together we can change water policy in california for good

It starts with quantification and a comprehensive analysis of the economic and environmental impacts of proposed infrastructure projects.


It’s impossible to manage water if you don’t know how much there is. Quantifying the Delta watershed and analyzing the impacts of different use scenarios is the data needed for good public policy.

The following interest areas cover our strategy to achieve equitable and sustainable water policy in California.


Water that exists as water rights claims in legal documents but not in the real world is known as "Paper Water".

State water agencies in California and those participating in the Colorado River Compact continue to issue water service contracts at levels far beyond available water resources. Paper Water is the primary cause of inequitable distribution, exorbitant fees for ratepayers and the decline of ecosystems and fisheries.

By exposing the devastating effects of Paper Water on communities and ecosystems throughout California, C-WIN is working to eliminate Paper Water for good.

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The Public Trust Doctrine asserts that the state holds natural resources “in trust” for use by the public. The Public Trust Doctrine requires policymakers to assess all impacts of any project using our natural resources:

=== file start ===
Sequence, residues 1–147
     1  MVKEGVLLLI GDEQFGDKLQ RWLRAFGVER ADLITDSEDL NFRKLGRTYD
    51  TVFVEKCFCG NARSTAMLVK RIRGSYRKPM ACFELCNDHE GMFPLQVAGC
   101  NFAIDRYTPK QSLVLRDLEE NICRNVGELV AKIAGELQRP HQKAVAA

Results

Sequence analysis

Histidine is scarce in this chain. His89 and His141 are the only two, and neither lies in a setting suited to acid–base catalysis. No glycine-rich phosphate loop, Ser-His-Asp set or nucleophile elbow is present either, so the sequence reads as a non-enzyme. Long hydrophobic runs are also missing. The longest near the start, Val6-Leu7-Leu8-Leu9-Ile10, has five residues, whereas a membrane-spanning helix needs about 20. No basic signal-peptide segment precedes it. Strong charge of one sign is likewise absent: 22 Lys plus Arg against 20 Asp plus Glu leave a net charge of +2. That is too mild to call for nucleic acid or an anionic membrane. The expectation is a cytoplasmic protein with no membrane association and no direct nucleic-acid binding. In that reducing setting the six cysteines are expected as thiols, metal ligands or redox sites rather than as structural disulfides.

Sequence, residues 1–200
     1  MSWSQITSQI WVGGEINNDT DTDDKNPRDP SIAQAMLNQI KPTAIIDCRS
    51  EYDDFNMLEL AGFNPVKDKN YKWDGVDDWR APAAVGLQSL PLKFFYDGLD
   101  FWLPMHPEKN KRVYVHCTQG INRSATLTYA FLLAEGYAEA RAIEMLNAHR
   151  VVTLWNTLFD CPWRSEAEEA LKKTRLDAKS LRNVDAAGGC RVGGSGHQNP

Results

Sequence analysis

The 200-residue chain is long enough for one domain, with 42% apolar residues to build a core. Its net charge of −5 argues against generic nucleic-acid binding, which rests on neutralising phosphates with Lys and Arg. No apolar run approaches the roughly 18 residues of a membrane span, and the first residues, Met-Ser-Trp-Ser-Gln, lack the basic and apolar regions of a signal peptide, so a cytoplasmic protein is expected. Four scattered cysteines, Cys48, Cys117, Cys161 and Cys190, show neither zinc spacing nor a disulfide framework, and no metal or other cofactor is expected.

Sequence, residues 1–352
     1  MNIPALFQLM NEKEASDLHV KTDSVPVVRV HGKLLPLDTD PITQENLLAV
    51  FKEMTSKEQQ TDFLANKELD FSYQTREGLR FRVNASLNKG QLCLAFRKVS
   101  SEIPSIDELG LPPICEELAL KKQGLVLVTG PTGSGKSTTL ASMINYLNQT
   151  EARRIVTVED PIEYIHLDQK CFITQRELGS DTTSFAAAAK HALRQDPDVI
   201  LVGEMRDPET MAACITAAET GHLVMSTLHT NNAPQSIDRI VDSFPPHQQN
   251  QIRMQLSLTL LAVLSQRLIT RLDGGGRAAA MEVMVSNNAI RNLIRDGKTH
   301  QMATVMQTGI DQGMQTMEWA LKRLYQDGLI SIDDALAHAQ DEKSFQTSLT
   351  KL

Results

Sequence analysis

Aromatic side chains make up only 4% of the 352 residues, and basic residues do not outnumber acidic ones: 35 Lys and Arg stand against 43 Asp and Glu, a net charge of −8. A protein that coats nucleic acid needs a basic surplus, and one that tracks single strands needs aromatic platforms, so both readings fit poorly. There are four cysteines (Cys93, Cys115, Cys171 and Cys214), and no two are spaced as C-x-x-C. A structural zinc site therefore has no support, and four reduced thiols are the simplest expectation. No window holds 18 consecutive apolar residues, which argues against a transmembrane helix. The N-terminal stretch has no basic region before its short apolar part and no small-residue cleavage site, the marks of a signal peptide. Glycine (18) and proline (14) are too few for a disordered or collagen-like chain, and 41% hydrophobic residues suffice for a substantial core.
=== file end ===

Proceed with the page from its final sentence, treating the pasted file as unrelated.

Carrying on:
"No water…can be taken from a stream, lake or other natural resource without a careful assessment of the harm that might be done.”

The Public Trust Doctrine was the heart of the argument in the case that saved Mono Lake. The 1983 ruling National Audubon Society v. Superior Court established protection of the lake as a public trust and forced the Department of Water Resources to reduce diversion flows to ecologically sustainable levels:

The State should "attempt, so far as feasible, to avoid or minimize any harm to those [public trust] interests."

C-WIN and our partners will argue in court to uphold the Public Trust Doctrine and protect the California Delta for all Californians who rely on this important natural resource.

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More than half of all Californians rely on a single source for fresh water. The California Delta watershed is:

• California's largest single source of fresh water.
• The largest estuary on the west coast of the Americas.
• Nearly half the total river flow in the entire state.
• Among the largest water delivery systems on earth.
• Home to 750 distinct species of plants and animals.

Without quantification of the water in the Delta, allocation targets cannot be set and no project that diverts that water can move forward legally.

C-WIN is partnering with ECONorthwest (best known for their successes in the BP Oil Spill and the Exxon Valdez cases) to perform the assessment mandated by the Public Trust Doctrine.

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